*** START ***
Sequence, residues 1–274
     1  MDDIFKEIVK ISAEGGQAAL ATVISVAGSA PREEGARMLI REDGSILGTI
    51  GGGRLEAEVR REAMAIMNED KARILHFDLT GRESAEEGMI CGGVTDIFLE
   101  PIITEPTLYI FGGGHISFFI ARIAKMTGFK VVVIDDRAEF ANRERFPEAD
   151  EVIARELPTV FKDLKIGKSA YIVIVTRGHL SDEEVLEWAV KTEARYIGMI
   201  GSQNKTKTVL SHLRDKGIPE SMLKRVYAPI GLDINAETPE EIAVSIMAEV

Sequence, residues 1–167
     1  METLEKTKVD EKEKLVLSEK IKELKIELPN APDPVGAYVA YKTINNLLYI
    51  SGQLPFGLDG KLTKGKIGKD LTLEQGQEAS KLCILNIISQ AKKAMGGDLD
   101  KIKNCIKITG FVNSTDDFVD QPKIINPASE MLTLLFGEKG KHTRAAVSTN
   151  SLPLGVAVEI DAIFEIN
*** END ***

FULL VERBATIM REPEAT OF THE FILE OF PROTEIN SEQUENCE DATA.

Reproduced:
Sequence, residues 1–274
     1  MDDIFKEIVK ISAEGGQAAL ATVISVAGSA PREEGARMLI REDGSILGTI
    51  GGGRLEAEVR REAMAIMNED KARILHFDLT GRESAEEGMI CGGVTDIFLE
   101  PIITEPTLYI FGGGHISFFI ARIAKMTGFK VVVIDDRAEF ANRERFPEAD
   151  EVIARELPTV FKDLKIGKSA YIVIVTRGHL SDEEVLEWAV KTEARYIGMI
   201  GSQNKTKTVL SHLRDKGIPE SMLKRVYAPI GLDINAETPE EIAVSIMAEV

Sequence, residues 1–167
     1  METLEKTKVD EKEKLVLSEK IKELKIELPN APDPVGAYVA YKTINNLLYI
    51  SGQLPFGLDG KLTKGKIGKD LTLEQGQEAS KLCILNIISQ AKKAMGGDLD
   101  KIKNCIKITG FVNSTDDFVD QPKIINPASE MLTLLFGEKG KHTRAAVSTN
   151  SLPLGVAVEI DAIFEIN